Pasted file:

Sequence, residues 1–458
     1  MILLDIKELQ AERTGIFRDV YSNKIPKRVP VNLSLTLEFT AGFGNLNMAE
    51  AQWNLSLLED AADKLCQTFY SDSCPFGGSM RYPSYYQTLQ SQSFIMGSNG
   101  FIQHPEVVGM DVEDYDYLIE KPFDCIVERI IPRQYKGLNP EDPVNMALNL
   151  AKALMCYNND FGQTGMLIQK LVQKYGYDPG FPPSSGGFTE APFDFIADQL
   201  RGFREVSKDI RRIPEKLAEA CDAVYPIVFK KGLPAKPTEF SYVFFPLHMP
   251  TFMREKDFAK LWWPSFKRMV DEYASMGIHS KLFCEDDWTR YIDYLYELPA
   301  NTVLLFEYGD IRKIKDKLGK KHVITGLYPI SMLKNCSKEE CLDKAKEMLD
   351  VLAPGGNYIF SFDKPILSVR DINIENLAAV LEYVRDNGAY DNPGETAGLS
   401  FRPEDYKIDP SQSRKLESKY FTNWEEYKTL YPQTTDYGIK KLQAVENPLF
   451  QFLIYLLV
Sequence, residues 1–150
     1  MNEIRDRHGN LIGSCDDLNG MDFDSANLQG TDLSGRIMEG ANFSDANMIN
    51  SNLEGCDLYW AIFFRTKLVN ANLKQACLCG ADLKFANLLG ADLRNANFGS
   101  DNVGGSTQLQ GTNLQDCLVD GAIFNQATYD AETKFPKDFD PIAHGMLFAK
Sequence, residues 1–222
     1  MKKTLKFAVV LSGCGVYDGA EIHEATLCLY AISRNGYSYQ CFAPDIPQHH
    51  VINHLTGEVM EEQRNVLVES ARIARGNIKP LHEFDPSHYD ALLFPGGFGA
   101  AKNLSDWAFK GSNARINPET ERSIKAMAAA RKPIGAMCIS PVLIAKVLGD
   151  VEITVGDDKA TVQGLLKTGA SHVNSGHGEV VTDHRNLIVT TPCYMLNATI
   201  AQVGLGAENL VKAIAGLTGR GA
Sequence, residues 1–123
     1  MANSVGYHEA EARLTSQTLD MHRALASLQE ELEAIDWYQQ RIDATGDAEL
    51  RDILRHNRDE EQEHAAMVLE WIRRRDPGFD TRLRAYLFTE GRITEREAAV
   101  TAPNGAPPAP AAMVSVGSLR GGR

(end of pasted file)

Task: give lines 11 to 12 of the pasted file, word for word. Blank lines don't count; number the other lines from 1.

   451  QFLIYLLV
Sequence, residues 1–150